Is It Easy To Get a Second Mortgage?
A second mortgage is loan secured against your home that you can take out in addition to your first mortgage. Getting a second mortgage doesn't replace your first one.
It's a separate debt, meaning you'll have two loans secured against the same property. However, with a second mortgage, you are free to spend the money from the loan how you wish. The mortgage can last up to 30 years, depending on how much you borrow and your age.
Getting a second mortgage is often less complicated than other loan options. This is because the loan is secured against your home and therefore less risky for lenders.
As a result, lenders are more inclined to lend to you with a second mortgage than if you apply for unsecured credit. However, when getting a second mortgage, there are likely to be more thorough affordability checks than when you got your first mortgage.
They can be a beneficial form of credit and a lifeline in a financial crisis; however, the decision should not be made lightly. Interest rates can be a lot higher than for first mortgages and you should carefully consider the exact mortgage terms, fees, and any early repayment charges.
How Do You Qualify For a Second Mortgage?
To qualify for a second mortgage, there are specific criteria you must meet, although different lenders will spell out their specific criteria, with some requiring different documentation and checks. Some lenders will be more lenient whilst others may be stricter. Some common checks and considerations however are almost universal.
Be a Homeowner
You must own the property you are offering as security and the property must be considered to be mortgagable, meaning that it can be lived in and that there is a minimum of a working kitchen and bathroom.
Most properties are made with bricks and mortar which lenders are generally happy to lend on. However, there are various types of construction such as concrete or steel framed where lenders are not prepared to lend, or if they do it’s at a reduced loan-to-value.
The property needs to be occupied which would normally be the property owner, however a number of lenders will consider applications where the security is let out to a tenant. If it were let out the owner would normally have a 6 monthly assured shorthold tenancy agreement in place with the tenant. This agreement states the monthly rental that is received which forms the basis of the affordability calculation.
If you own a leasehold property then there normally needs to be a long lease remaining at the end of the loan. For example some lenders might want to see a minimum term of 50 years outstanding at the end of the loan term. Therefore someone looking to borrow over 20 years would need to have at least 70 years remaining on their lease when they take out the loan.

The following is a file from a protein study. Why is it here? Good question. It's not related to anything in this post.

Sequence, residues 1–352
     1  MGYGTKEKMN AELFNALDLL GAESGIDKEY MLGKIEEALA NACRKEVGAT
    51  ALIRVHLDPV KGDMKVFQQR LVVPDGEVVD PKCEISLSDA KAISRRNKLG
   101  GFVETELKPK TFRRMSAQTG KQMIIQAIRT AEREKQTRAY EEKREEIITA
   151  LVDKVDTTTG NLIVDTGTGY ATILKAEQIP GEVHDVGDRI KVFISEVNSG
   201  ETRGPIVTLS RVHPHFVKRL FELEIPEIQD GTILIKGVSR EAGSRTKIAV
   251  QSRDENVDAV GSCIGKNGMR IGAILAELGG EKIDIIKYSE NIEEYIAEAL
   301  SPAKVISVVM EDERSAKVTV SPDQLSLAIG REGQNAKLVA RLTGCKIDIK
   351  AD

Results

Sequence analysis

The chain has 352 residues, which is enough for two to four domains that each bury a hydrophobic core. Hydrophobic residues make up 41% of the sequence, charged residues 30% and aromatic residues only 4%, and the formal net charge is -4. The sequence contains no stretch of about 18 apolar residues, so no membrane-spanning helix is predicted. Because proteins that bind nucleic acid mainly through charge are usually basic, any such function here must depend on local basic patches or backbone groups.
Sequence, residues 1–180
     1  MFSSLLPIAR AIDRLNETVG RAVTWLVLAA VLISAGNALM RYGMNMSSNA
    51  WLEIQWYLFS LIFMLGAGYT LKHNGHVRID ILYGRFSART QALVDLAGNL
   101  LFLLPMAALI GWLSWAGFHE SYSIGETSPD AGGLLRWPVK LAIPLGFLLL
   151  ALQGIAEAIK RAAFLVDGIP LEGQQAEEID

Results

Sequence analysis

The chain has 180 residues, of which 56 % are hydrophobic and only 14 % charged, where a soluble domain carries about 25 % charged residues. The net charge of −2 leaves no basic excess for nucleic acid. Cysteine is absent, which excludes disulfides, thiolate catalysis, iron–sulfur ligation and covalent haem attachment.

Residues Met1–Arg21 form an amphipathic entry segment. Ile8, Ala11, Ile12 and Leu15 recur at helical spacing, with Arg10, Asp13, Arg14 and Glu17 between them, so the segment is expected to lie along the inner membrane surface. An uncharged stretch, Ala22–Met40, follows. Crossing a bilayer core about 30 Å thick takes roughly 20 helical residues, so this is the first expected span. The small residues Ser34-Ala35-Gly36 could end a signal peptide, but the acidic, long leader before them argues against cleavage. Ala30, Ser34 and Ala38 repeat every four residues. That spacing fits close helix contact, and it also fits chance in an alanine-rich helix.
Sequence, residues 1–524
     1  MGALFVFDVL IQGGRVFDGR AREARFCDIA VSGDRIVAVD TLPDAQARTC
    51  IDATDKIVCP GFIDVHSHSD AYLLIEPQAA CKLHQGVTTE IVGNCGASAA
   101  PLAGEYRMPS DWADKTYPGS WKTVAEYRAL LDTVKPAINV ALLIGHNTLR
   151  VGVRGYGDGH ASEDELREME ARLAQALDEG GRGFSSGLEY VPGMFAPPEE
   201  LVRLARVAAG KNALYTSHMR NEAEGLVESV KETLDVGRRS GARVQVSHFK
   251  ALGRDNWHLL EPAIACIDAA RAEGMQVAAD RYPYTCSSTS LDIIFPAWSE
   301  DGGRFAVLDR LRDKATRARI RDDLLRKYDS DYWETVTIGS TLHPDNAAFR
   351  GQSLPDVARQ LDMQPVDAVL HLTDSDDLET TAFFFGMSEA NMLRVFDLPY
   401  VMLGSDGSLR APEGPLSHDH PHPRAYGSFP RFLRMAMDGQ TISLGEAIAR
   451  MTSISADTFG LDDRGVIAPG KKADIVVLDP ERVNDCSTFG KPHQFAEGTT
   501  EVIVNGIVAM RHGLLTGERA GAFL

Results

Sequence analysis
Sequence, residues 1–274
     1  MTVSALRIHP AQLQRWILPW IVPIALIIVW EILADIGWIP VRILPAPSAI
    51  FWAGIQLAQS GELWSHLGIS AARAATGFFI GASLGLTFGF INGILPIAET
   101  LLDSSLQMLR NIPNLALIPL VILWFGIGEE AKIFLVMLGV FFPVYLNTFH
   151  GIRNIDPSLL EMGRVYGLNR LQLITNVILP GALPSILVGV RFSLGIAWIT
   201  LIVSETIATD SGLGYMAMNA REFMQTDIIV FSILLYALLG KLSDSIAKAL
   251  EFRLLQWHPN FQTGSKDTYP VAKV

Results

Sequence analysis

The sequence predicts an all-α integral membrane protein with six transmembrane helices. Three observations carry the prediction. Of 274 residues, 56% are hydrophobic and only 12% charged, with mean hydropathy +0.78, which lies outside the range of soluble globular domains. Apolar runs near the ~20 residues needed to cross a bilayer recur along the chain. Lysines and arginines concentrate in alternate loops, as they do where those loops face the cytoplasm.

Pass an Affordability Check
All lenders conduct an affordability check before granting second mortgages.
They will assess your credit history, current income, regular monthly outgoings and your current mortgage payments, to determine whether you will be able to afford the repayments. In addition lenders will carry out a financial “stress test” which will be a calculation to see if you could still afford the loan if rates were to increase by say 3%.
It’s most important that you are able to maintain the repayments throughout the whole term of the loan as your property is acting as security and in the event of non payment you may lose your home.
To assess an employed persons income accurately, lenders would want sight of your last three wage slips to show your basic pay plus any potential overtime or bonuses. If the overtime is regular lenders will often take into account a percentage of the overtime income when determining the income.
For self employed applicants lenders would want to see their SA302’s or a certificate from the accountant confirming their income for the last 2 or 3 years.
Have Equity in Your Home
Your mortgage is secured by the equity you have in your house, not its total value. Equity is the part of your home which you own outright and does not include what's left of your first mortgage. The more equity you have in your house, the more you'll be able to borrow.
Most lenders will lend up to at least 75% of the value of your property. If your property is worth £400,000 you multiply this by 75% = £300,000 and deduct your mortgage, say £260,000 which leaves £40,000 as a potential maximum loan size.
Some lenders will lend up to 100% loan-to-value (LTV) but the interest rates are considerably higher than someone looking to borrow up to 60%. Generally the higher the LTV, the higher the interest rate,
How To Get a Second Mortgage
Applying for a second mortgage is similar to the process for a first mortgage. The application process is straightforward, but lenders will need to check your credit rating and financial circumstances before approving the loan.
In order to ensure that you are getting the best possible deal it would be advised to speak to a qualified mortgage broker who has access to hundreds of lenders offering thousands of products. There is sophisticated software available to mortgage specialists who can source the best products within minutes.
Part of the process would be for your mortgage broker to consider other options including getting a further advance from your existing lender or remortgaging to a new lender. The setting up costs and interest rates with these options could be more competitive than those for a second mortgage.